Reading and Writing

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Status: Finished  |  Genre: Editorial and Opinion  |  House: Booksie Classic
Ever heard of Xanga? Of course you have! No? Well it's not really important here. But...
On, an internet blogging site, there is always a "Featured Question" of the week (much like our own "Featured Writing" column right here on Booksie). Basically, a blogger asks a question that anybody can answer.

So here is a question I came across that felt a little like a "Featured Question":
Why do people read and write?

The gist of it is, what is the meaning of reading and writing for you? So this is what I came up with. I hope you like it!

Wanna check out this "Featured Question" yourself? Here it is:

Question posted by: summerlover

Submitted: September 19, 2009

A A A | A A A

Submitted: September 19, 2009



The Meaning of Reading and Writing
Reading and writing are two things I enjoy doing a lot. I usually prefer writing over reading, though. The meaning of the two matter to me a lot, especially here on Booksie.
So why exactly do people read and write?
Easy: it’s a superlatively exquisite experience!
In my old Montessori school, we were taught this one rule that was really supposed to stick with us: R.I.F. Reading Is Fundamental. Reading is fundamental, so it’s basic, but more importantly, it’s very important. Nowadays, I begin to realize that what the librarian taught us on our “library days” really means. She would be the one to encourage us to read more. But of course, we were in the first, second, and third grades; it was kind of her job to tell us that. To me, reading is a way of learning new things, and being exposed to new stuff. From reading books like The Tales of the Frog Princess, Pride & Prejudice, the Twilight Saga, and the Harry Potter septuplet, to reading heartfelt song lyrics like “Gravity” by Sara Bareilles, and sweetly poetic ones like “Bubbly” but Colbie Caillat, reading is a big part of my life. My only drawback on it is that I’m extremely picky, so I don’t really get a lot of reading done.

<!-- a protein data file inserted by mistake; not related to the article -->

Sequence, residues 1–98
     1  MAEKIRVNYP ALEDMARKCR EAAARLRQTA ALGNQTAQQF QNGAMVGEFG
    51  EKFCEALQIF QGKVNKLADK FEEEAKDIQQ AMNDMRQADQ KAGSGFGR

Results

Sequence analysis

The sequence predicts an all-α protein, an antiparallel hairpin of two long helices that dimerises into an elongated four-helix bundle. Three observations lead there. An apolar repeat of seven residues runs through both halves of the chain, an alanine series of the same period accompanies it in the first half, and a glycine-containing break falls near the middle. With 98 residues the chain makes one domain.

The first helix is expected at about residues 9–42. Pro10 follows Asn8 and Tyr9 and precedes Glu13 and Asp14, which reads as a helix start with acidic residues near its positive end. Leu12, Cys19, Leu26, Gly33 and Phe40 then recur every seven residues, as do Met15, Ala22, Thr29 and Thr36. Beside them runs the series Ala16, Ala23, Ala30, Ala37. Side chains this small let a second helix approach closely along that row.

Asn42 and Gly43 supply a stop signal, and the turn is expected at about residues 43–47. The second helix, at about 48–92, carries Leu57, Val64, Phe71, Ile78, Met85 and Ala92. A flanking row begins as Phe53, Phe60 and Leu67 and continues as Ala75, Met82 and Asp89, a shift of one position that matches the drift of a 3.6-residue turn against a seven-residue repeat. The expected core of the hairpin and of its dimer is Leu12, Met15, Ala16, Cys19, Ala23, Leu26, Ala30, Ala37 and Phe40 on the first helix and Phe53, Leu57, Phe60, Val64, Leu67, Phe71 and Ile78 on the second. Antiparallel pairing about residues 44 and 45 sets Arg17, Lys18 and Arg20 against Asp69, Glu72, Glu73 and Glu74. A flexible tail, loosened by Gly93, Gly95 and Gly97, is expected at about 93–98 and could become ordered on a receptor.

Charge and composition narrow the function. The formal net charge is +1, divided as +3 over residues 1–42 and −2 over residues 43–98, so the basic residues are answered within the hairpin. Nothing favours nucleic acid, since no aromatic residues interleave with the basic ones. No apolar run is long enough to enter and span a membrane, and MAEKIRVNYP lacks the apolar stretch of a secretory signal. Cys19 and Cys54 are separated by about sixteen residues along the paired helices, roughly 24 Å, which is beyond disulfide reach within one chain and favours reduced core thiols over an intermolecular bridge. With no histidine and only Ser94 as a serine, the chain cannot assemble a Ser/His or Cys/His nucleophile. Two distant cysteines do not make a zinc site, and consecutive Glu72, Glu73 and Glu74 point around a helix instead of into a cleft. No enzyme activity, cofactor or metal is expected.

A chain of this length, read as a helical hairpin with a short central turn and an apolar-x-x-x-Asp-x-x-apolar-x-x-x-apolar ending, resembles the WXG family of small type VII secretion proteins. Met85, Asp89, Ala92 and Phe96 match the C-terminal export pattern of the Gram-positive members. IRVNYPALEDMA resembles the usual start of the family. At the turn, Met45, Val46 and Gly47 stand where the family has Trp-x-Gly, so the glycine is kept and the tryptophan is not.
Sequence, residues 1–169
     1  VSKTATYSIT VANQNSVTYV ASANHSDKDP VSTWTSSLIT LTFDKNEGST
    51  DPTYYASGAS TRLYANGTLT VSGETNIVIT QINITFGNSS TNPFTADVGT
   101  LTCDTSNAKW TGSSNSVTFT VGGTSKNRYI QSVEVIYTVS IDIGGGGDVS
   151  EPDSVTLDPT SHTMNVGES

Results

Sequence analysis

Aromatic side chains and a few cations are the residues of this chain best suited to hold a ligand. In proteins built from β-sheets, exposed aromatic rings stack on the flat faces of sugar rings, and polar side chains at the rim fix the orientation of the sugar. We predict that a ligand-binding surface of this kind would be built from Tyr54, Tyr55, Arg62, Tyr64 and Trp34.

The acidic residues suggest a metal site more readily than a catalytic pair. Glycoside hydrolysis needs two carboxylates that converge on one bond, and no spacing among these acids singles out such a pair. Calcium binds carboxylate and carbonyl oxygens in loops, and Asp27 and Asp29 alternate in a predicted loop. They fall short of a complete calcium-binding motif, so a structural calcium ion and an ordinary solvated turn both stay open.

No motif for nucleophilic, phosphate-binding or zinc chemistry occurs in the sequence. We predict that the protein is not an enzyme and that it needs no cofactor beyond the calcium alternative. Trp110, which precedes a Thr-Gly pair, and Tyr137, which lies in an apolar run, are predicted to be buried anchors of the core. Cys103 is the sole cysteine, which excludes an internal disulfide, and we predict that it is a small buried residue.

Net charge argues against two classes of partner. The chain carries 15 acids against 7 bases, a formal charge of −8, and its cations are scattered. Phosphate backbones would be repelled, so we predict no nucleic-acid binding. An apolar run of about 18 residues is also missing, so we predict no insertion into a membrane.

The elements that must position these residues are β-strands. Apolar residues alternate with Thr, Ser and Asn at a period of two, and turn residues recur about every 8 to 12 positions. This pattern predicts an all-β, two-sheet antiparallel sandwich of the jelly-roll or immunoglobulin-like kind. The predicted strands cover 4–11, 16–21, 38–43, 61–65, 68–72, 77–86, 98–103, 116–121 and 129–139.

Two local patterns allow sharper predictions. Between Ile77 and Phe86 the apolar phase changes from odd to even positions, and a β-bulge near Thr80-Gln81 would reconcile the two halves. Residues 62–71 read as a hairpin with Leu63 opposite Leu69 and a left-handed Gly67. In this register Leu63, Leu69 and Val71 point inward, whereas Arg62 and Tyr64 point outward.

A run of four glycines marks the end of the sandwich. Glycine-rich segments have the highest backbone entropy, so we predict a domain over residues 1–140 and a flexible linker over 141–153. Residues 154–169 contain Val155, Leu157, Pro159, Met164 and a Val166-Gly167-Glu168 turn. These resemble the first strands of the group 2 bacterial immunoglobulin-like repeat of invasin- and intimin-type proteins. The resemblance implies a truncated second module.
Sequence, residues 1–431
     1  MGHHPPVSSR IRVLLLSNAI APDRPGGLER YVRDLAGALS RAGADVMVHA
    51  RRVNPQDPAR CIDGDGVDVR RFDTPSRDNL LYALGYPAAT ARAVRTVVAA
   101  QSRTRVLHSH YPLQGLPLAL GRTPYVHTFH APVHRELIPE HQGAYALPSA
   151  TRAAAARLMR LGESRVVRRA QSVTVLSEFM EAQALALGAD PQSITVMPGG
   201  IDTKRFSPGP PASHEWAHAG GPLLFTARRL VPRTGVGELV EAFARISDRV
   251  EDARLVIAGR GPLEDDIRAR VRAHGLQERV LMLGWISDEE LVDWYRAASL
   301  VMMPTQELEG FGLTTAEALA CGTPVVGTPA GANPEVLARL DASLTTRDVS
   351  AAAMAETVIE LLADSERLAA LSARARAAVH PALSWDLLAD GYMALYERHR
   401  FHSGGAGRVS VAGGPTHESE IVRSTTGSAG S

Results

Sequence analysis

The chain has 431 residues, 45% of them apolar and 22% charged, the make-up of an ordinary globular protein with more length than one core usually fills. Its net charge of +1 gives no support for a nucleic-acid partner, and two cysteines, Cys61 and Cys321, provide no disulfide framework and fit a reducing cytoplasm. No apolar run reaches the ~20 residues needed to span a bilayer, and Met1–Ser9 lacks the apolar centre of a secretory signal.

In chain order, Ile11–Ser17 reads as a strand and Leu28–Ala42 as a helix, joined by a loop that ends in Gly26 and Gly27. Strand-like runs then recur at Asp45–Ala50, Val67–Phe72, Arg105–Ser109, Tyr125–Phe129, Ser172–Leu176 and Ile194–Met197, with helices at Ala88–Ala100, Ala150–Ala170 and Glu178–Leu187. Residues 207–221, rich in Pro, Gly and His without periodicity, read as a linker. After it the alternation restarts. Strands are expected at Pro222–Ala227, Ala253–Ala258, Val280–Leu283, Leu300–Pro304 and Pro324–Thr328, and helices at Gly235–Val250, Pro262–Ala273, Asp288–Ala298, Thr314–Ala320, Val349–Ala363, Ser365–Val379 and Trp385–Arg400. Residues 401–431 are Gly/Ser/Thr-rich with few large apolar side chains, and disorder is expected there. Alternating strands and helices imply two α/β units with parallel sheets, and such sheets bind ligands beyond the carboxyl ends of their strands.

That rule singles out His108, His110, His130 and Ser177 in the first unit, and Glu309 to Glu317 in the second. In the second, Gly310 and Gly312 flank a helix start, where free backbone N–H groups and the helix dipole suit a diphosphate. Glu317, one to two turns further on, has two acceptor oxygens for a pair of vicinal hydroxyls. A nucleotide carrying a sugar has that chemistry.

Writing, however, comes naturally for me. Whether it is coming up with a rhyming poem on the spot, coming up with a wordy essay at the last minute, or even writing 50-page long novels like my very own, Dear Prince Jared, I Hate You. Writing is a way for me to say things in a more effective manner than when I talk, because I can choose my words very carefully and think everything through before I actually write it down. Writing is my happy place, the place I can relax and unwind, and let my fingers, hands, and subconscious mind do the work. I feel at ease when I write, because now i’m in control of the story, and I can say whatever I need to.
Whenever I see a person with their nose literally buried into a book, I can’t help but think what could be so damn interesting [haha, whoops, excuse my language there] about it that would make them look at it that way. It always makes me wonder how I look to someone else when my hair is all around my face and I’m arched over a book reading intently. Watching someone read a book is never a “So what? Anyone can look at a piece of paper,” moment. It’s always a large spark of curiousity.
I can say almost the exact same thing about writing. When I see someone else writing, I get very curious. What could they possibly be writing about? Is it a story? Is it a letter? Is it for a class? Is it about someone? Is it angry? These questions fry my head apart, but oddly enough, I never feel that way when I’m writing and someone else is staring at me. What could be going on in their head? Do they really want to know why I’m writing so furiously fast on my paper? Of course they wonder these things, because usually I’m asked a question. “What are you doing?” “Why are you writing?” “What is that?” “Whose class is that for?” “What is that?” and the ever popular, “Dang! You write a lot!” When I see someone else writing ferociously on a piece of blank paper, I can’t help but wonder if they enjoy writing as much as I do, and what their going to end up doing with that piece of paper. Will they throw it away? Who knows. Who has time to care? And for these reasons especially, I keep a journal. From time to time, I update it. Like a blog.
Reading and writing is so amazing on Booksie, because you know that everyone who has an account likes to write or read or write about reads in one form or another. That’s why I love this site so much! You’ll find good stories; you’ll find ones that probably need some tweaking. But you’ll always find something.

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